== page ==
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Fayum mummy portraits

Fayum mummy portraits is the name given to a large number of paintings from the first to third century. These are encaustic paintings, made with hot, pigmented wax on wooden panels, which were inserted into the mummies of the deceased. The surviving paintings are predominantly from the Fayum[?] region in Egypt, where the practice was common and the dry heat preserved many of the paintings until today.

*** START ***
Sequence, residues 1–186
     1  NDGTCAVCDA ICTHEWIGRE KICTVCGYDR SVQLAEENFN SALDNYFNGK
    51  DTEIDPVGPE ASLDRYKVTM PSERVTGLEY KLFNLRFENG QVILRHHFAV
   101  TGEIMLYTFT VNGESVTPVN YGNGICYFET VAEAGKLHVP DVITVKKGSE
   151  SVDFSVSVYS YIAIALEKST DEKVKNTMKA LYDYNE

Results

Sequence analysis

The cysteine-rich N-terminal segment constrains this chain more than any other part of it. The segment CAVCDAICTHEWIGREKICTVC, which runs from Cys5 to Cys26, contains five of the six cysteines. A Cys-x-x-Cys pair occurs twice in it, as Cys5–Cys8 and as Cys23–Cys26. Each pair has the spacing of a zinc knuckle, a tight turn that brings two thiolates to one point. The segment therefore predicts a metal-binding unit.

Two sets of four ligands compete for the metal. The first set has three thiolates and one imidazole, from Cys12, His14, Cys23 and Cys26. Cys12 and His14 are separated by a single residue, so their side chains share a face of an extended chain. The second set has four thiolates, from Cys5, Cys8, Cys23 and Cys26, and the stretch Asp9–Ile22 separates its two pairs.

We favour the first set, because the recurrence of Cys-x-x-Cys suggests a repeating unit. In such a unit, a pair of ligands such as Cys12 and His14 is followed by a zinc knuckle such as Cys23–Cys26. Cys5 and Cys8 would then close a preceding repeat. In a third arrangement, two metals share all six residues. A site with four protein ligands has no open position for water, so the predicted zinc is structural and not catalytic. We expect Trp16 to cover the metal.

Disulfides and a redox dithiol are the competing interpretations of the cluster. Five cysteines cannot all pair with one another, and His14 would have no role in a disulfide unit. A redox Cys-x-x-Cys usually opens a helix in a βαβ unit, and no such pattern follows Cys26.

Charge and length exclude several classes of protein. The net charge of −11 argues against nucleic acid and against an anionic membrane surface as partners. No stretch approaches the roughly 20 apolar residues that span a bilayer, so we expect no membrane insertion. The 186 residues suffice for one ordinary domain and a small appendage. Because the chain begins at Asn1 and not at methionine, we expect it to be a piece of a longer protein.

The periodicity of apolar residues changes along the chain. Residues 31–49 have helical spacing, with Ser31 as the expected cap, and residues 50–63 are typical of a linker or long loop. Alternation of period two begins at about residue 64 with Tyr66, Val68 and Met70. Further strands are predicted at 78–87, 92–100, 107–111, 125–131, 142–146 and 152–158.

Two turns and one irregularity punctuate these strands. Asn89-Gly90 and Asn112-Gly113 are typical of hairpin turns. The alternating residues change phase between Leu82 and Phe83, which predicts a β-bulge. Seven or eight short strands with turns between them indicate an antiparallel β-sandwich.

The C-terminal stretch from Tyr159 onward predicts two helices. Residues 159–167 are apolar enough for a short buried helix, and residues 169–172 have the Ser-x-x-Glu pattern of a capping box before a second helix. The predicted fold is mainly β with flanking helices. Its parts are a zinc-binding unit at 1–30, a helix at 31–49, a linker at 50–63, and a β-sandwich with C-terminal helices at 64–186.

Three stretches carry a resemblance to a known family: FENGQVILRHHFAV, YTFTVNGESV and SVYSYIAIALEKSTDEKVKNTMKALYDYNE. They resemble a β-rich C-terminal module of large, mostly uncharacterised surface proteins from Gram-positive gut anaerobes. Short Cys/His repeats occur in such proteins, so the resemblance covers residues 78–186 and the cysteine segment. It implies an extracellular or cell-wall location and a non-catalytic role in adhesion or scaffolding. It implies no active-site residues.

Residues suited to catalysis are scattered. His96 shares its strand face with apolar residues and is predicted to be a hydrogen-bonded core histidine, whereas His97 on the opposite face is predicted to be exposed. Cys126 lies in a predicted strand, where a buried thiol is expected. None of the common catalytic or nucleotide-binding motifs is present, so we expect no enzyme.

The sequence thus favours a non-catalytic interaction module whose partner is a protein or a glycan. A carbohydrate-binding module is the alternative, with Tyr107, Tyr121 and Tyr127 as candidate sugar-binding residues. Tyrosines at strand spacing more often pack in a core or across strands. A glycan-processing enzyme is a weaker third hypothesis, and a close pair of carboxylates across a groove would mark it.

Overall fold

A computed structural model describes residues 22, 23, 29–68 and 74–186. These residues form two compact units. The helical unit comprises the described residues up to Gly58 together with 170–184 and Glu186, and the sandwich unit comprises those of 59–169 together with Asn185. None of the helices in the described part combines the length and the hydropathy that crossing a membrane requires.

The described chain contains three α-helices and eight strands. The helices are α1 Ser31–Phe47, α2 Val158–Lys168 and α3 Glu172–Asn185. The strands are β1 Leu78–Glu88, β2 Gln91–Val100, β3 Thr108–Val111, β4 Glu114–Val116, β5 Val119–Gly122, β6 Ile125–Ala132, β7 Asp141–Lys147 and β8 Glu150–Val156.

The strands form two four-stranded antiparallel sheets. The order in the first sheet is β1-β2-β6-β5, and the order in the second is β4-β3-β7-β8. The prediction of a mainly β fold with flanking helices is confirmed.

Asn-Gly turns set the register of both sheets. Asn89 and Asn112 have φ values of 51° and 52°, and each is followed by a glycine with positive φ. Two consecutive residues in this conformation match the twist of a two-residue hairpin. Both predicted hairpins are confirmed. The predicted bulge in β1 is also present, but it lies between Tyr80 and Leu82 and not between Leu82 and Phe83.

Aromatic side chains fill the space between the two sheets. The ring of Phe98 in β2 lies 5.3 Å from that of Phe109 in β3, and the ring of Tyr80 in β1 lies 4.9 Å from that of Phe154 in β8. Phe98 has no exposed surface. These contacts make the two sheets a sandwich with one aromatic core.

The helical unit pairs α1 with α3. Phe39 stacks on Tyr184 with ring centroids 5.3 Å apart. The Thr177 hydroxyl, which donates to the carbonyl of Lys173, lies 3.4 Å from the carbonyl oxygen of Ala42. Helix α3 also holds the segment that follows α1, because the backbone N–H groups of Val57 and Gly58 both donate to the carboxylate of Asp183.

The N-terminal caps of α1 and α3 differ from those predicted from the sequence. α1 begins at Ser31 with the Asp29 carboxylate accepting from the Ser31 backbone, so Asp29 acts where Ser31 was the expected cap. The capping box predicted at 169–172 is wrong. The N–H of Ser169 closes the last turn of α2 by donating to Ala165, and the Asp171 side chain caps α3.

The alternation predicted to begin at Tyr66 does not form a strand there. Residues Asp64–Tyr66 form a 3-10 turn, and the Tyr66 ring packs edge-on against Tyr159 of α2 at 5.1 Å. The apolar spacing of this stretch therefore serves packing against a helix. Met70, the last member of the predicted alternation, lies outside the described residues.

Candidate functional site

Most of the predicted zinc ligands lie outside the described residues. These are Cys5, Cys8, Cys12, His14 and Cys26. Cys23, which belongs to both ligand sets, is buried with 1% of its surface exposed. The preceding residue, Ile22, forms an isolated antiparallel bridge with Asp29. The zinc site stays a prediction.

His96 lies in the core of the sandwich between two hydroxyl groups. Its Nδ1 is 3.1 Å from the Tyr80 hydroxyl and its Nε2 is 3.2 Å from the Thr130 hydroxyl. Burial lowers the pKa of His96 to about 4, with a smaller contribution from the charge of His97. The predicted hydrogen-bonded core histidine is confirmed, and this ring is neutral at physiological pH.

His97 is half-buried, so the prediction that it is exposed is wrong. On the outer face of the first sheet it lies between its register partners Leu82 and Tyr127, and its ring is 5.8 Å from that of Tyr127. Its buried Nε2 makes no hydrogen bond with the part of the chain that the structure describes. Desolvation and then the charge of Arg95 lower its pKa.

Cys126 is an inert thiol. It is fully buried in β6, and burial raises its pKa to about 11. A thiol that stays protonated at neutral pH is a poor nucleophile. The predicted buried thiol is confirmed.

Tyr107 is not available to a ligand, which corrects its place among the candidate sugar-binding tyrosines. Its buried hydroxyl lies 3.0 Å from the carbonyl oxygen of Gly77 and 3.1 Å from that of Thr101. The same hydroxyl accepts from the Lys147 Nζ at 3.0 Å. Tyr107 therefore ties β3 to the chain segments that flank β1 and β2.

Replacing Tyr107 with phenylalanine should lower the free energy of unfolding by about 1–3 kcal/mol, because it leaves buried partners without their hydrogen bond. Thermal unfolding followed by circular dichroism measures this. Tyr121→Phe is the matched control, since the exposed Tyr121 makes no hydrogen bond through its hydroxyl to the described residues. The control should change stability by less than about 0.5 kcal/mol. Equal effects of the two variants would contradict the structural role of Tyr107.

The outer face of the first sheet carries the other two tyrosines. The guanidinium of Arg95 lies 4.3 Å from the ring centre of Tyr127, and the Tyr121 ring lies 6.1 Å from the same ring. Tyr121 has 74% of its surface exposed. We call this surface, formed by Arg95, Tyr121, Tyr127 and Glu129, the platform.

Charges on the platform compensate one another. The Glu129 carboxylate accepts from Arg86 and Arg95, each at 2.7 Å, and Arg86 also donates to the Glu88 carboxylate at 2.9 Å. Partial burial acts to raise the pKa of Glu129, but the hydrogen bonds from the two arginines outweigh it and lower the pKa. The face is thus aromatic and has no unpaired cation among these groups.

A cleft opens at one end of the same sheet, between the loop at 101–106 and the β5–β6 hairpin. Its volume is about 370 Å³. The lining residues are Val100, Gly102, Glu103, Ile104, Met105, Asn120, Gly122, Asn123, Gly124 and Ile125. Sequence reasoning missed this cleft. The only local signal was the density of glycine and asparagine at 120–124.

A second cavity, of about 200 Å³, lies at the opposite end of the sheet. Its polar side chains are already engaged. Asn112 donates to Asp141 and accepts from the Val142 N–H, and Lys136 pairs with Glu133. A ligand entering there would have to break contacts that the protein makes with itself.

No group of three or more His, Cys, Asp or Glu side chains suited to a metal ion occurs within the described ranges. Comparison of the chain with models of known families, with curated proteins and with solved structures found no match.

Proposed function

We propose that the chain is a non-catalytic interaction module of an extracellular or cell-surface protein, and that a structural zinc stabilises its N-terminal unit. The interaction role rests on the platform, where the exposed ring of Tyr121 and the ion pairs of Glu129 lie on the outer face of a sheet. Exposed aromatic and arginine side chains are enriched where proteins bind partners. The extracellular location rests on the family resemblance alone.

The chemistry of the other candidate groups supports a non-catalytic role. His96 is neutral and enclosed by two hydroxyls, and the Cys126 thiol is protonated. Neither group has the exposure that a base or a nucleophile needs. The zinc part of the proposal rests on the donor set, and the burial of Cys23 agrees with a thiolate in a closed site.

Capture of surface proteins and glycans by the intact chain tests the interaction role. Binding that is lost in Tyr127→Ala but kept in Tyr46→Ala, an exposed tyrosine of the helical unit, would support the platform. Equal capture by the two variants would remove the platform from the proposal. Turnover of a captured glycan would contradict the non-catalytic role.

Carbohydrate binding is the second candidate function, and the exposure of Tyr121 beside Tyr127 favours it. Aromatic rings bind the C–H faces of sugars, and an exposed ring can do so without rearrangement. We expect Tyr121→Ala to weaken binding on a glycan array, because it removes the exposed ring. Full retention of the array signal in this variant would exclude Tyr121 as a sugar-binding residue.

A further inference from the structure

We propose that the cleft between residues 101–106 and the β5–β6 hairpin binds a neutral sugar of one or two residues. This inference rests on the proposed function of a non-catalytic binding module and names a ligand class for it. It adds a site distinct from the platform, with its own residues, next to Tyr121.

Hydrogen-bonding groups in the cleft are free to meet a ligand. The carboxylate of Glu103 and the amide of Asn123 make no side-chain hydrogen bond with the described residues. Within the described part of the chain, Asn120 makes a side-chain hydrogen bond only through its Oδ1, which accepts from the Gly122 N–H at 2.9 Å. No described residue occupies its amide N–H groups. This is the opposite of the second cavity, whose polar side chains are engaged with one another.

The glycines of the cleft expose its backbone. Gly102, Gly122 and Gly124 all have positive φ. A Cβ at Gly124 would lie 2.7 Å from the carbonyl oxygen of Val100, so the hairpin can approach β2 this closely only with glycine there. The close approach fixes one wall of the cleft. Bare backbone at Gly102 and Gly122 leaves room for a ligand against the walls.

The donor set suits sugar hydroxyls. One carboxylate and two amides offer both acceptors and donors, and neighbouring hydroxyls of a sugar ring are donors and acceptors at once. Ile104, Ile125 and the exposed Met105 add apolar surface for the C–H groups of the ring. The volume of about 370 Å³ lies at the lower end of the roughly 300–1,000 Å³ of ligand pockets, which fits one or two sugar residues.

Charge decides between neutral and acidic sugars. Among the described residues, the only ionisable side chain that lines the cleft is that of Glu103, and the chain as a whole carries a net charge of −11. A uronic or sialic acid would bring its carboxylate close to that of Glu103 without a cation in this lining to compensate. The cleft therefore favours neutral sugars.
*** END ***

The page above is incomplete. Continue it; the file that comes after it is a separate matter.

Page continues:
Together with the surviving frescoes and objects from Pompeii, they are the among the best preserved art from ancient times.

Portrait of a young woman, A.D. 11020
Encaustic on wood; 43.7 x 34 cm (17 1/4 x 13 in.)
Royal Museum of Scotland, National Museums of Scotland, Edinburgh

A gallery of Fayum mummy portraits can be found on a separate page.

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